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Symphytum Officinale. Comfrey.

Botanical name:

(A lot of plants in the Boraginaceae contain hepatotoxic pyrrolizidine alkaloids. Comfreys are among them. More info here: Livertoxic PAs --Henriette.)

Description: Natural Order, Boraginaceae. This is a somewhat coarse-looking plant, common in moist and grassy lands, sometimes cultivated in gardens. Root perennial, branched, fleshy, smooth, and nearly black without, almost white within, nearly an inch in diameter. Stems erect in the midst of a mass of large leaves, round, somewhat winged above by the decurrent leaves, branching, light-green, juicy, covered with long and moderately stiff hairs. Radical leaves oblong, wavy, rough-edged. Flowers axillary on the upper portion of the branches; calyx five-parted; corolla tubular, yellowish-white, occasionally purplish, spreading at the summit, with five awl-like scales in the throat; stamens five, on the corolla. Fruit of four seed-like nutlets, ovate, smooth, with a hollowed base. June.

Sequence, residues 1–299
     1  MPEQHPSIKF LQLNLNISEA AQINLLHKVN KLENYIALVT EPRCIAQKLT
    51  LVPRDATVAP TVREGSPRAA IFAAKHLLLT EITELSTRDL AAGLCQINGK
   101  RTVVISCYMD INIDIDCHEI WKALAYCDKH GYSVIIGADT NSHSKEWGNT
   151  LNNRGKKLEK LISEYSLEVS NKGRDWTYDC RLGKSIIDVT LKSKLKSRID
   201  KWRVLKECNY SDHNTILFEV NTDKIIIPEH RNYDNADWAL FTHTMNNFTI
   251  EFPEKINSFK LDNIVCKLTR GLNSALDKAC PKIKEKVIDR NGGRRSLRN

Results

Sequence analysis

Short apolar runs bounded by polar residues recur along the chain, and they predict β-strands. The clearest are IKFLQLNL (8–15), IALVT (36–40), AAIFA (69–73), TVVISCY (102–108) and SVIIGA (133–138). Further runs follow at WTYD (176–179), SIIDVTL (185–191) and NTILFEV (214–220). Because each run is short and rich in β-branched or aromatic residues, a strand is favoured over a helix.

Properties and Uses: The root of comfrey contains a large amount of mucilage, which makes the dried article dense and horny. When treated with water, or wine, it yields a moderate tonic power with this mucilage; and makes a mild remedy for recent and old coughs, sub-acute dysentery and diarrhea, simple forms of leucorrhea, spitting of blood, and other pulmonary affections. It is rarely used alone, but makes a good soothing addition to more tonic agents; and has much merit, when used in the fresh state, as an application to bruises, and irritable ulcers. Two ounces boiled in a pint of water, and then a gill of wine added, may be taken in doses of a fluid ounce or more three times a day.

Pharmaceutical Preparations: I. Compound Wine. Boots of comfrey, convallaria, and aralia racemosa, each, one ounce; cocculus palmatus, (not frasera, as is generally used,) camomile, and gentiana ochroleuca, each, half an ounce. Crush, and macerate for twenty-four hours with sherry wine; transfer to a percolator, and add wine till two quarts (in all) have been used; then add water till two quarts of tincture have been obtained. This is a mild and valuable tonic for female difficulties, loss of appetite, nervousness, and insufficient menstruation. Dose, half a fluid ounce or more three times a day. This agent is an ingredient in the Compound Sirup of Aralia.


The Physiomedical Dispensatory, 1869, was written by William Cook, M.D.
It was scanned by Paul Bergner at http://medherb.com



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